Hop to It! 45 Creative Ways to Dye Easter Eggs
Shaving Cream Easter Eggs
Use an ordinary product to decorate an entire batch of marbleized shaving cream dyed Easter eggs. It's easier than it looks! Use food coloring ($4, Target) to create a design on a bed of plain shaving cream, then roll hard-boiled eggs over the surface to transfer the colors. Let the eggs dry, then gently clean to remove any excess shaving cream. Dyeing eggs with shaving cream is a fun activity for bunnies of all ages!
Editor's Tip: If you're planning to eat the eggs, make whipped cream dyed Easter eggs! Simply substitute a packaged whipped cream for the shaving cream. If you make whip cream eggs, they should be safe to eat.
Silk Tie Dyed Easter Eggs
Easter eggs dyed with silk ties? Yep! It's easier than you think. Boiling plain eggs wrapped with 100% silk ties transfers the pattern and creates a cool Easter egg design. For the boldest silk dyed egg designs, choose bright colors and graphic designs.
Checkered Dyed Eggs
Inspired by a classic basketweave, these dyed Easter eggs have a modern two-tone effect. To create the pattern, apply vertical and horizontal lines of thin washi tape ($9, Michaels) to hard-boiled eggs. Dip once and let soak for about five minutes. Remove tape and repeat in a lighter shade of the same dye.
Natural-Dyed Easter Eggs
For a fresh take on coloring Easter eggs, go all natural! These natural Easter egg dye recipes are food- or plant-based and create beautifully subdued shades. Simmer beets, blueberries, or other natural ingredients in a cup of water with a dash of vinegar to create the colors. Leave eggs soaking in the natural egg dye in the refrigerator overnight for the richest color; soak just a few minutes for subtler results.
Oil Marbled Eggs
Turn to your pantry to create these colorful oil dyed Easter eggs! These colored Easter eggs use just four ingredients you probably already have on hand: vegetable oil, white vinegar, food coloring, and water. Get our instructions for creating the dreamy swirled marble eggs look.
Baking Soda Dyed Easter Eggs
Chances are you've got everything you need in your pantry to make rice-dyed Easter eggs. Dyeing eggs with rice is as easy as dropping food coloring on plain rice ($1, Target) and giving it a shake. Mix colors for a pretty speckled pattern and display your finished rice Easter eggs in a simple basket.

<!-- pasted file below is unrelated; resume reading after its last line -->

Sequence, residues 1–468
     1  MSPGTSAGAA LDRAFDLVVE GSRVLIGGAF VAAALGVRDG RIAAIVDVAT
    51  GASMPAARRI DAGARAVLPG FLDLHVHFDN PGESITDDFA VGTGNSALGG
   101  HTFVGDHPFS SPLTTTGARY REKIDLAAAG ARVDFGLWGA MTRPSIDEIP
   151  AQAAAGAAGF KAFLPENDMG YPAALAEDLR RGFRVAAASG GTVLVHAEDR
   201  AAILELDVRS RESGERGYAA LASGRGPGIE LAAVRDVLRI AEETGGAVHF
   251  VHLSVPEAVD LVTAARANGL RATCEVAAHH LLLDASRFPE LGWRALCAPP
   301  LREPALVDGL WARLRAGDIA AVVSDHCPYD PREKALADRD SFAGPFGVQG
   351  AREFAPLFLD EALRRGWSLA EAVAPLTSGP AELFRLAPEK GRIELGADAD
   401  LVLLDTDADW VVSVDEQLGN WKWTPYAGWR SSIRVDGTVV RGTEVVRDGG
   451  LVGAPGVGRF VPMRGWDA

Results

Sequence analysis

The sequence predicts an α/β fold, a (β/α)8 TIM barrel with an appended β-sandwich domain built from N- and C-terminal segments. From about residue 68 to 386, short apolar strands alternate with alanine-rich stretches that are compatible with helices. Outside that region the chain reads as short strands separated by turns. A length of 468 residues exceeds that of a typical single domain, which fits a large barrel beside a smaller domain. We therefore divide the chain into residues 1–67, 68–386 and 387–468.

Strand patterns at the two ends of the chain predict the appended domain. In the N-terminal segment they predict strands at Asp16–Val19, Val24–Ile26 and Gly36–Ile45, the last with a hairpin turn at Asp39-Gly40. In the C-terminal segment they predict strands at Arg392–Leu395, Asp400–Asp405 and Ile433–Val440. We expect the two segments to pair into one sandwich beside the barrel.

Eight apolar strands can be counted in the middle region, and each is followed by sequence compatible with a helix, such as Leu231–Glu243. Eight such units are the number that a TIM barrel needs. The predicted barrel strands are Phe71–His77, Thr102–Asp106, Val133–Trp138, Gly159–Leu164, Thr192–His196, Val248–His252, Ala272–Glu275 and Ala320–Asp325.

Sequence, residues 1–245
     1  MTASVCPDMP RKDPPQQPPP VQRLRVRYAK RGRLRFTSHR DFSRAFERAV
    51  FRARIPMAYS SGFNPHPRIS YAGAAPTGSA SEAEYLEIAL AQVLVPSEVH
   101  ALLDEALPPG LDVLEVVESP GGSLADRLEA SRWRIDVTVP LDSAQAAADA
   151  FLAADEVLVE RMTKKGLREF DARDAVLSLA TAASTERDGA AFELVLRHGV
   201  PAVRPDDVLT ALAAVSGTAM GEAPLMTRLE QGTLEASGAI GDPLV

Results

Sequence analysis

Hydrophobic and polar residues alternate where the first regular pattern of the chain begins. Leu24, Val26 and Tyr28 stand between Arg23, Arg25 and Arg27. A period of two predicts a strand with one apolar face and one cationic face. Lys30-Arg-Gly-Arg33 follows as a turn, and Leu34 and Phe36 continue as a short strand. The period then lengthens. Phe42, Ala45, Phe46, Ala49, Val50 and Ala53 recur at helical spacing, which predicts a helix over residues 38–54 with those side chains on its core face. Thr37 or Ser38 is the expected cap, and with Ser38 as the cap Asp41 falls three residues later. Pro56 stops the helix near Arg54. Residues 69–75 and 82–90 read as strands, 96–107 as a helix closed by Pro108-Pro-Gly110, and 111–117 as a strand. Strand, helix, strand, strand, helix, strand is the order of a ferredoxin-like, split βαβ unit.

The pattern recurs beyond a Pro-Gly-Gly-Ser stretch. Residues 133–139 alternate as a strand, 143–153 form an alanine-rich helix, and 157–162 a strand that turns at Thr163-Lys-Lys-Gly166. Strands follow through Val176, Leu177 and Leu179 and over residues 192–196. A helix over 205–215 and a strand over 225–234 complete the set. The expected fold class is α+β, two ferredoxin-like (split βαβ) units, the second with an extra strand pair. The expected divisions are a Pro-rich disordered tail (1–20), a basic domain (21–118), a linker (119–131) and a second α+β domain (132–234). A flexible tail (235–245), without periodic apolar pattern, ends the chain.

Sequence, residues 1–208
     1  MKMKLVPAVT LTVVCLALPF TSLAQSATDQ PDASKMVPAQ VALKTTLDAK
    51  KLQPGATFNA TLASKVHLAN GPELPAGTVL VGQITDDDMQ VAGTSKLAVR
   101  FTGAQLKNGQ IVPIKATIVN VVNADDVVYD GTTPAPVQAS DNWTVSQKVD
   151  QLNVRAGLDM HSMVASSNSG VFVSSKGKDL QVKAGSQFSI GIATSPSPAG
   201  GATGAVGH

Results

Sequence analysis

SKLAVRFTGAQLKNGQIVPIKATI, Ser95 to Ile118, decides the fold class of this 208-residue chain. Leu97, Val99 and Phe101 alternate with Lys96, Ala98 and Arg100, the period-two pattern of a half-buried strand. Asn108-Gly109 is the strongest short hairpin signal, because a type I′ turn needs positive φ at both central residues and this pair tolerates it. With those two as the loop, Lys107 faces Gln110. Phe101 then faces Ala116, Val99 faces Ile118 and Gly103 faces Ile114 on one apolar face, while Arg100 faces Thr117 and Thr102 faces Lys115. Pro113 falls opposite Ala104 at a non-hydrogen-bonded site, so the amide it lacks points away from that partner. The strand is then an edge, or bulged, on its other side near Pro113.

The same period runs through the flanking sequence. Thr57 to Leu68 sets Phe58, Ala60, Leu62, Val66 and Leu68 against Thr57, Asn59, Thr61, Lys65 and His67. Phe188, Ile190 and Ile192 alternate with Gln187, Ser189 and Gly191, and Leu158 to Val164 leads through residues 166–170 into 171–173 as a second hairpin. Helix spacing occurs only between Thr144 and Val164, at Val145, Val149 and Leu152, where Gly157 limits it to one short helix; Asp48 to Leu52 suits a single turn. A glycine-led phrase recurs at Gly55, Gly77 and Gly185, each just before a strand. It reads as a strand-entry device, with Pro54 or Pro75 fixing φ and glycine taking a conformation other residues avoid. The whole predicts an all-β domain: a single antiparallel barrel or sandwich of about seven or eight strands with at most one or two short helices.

Related: Learn How to Color Eggs with Rice
This Easter egg coloring idea brings the fun! Confetti eggs or cascarones are meant to be broken. Prep the eggs by gently removing the top and insides. Create a batch of dyed eggs with food coloring and fill them with biodegradable confetti. Finish the egg dyeing idea with a piece of colorful tissue paper ($4, Walmart).
Tissue Paper Eggs
Create pretty Easter egg designs by cutting your own patterns from colorful tissue paper. After dyeing Easter eggs, try adding decorative edges, floral looks, or basic zigzags. Brush a thin coat of decoupage medium onto an egg. Position the tissue paper cutouts and gently pat into place, starting in the center of a design and working your way out.
Editor's Tip: It's easiest to start by applying one bigger piece to the center of the egg, then using smaller sections to fill in.
Tie-Dyed Easter Eggs
You'll never guess the secret ingredient in this easy egg-dyeing method...so we'll just tell you. It's food coloring! To give your eggs fun color and texture, slightly moisten a paper towel with vinegar, then wrap it around an egg, making sure the paper towel layers aren't too thick. Gently press the tips of food-coloring tubes onto the paper towel, using no more than three colors at a time. Let the covered egg sit for a few minutes, then remove the paper towel to reveal your groovy creation.
Related: How to Make Tie-Dye Easter Eggs
Tissue Paper Dyed Eggs
Fruit and Veggie Eggs
Instant Pot Dyed Eggs
Watercolor Easter Eggs
Egg dye + gold paint = pretty dyed Easter eggs. Pour a little rubber cement into a paper bowl and dab a natural sea sponge in the rubber cement to coat. Pat the sponge on a hard-boiled egg, then set the egg aside for 10 minutes. Dip the sponged egg into a prepared dye bath until it reaches the desired shade. (Hint: Prepare dye bath with boiling water for best results.) Remove from the dye bath and pat dry with a paper towel. While the egg is still warm, gently rub off the rubber cement with your finger.
To create gold flecks, lightly press the sponge into gold acrylic craft paint. Working in sections, carefully dab paint onto half of the egg; allow to dry for 20 minutes before repeating the process on the other side.
You'll need to raid your sewing basket to make this Easter basket beauty. Start by creating a batch of natural dyed eggs. Once dry, cut a piece of flat lace trim that's just long enough to encircle an egg. Place it on a newspaper-lined surface. Apply a coat of acrylic craft paint to the lace with a mini sponge applicator. Working quickly, transfer the lace, paint side up, onto a stack of paper towels and roll the egg lightly over the lace. Set the lace-patterned egg aside to dry completely.